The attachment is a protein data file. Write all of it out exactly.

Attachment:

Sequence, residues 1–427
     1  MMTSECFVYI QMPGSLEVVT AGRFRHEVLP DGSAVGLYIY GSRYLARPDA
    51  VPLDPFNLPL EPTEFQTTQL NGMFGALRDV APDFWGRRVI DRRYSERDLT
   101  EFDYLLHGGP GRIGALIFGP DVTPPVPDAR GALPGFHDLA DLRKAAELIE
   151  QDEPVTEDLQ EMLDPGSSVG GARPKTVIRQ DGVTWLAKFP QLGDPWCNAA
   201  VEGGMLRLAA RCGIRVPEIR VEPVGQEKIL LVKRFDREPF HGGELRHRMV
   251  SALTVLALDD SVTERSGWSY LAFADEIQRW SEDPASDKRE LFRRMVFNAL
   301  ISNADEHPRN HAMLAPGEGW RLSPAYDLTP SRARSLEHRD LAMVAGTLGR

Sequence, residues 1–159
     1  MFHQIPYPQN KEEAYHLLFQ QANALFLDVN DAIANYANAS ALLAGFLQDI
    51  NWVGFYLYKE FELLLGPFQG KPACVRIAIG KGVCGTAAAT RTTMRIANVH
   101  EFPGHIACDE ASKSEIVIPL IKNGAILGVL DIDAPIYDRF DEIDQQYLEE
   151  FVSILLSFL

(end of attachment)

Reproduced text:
Sequence, residues 1–427
     1  MMTSECFVYI QMPGSLEVVT AGRFRHEVLP DGSAVGLYIY GSRYLARPDA
    51  VPLDPFNLPL EPTEFQTTQL NGMFGALRDV APDFWGRRVI DRRYSERDLT
   101  EFDYLLHGGP GRIGALIFGP DVTPPVPDAR GALPGFHDLA DLRKAAELIE
   151  QDEPVTEDLQ EMLDPGSSVG GARPKTVIRQ DGVTWLAKFP QLGDPWCNAA
   201  VEGGMLRLAA RCGIRVPEIR VEPVGQEKIL LVKRFDREPF HGGELRHRMV
   251  SALTVLALDD SVTERSGWSY LAFADEIQRW SEDPASDKRE LFRRMVFNAL
   301  ISNADEHPRN HAMLAPGEGW RLSPAYDLTP SRARSLEHRD LAMVAGTLGR

Sequence, residues 1–159
     1  MFHQIPYPQN KEEAYHLLFQ QANALFLDVN DAIANYANAS ALLAGFLQDI
    51  NWVGFYLYKE FELLLGPFQG KPACVRIAIG KGVCGTAAAT RTTMRIANVH
   101  EFPGHIACDE ASKSEIVIPL IKNGAILGVL DIDAPIYDRF DEIDQQYLEE
   151  FVSILLSFL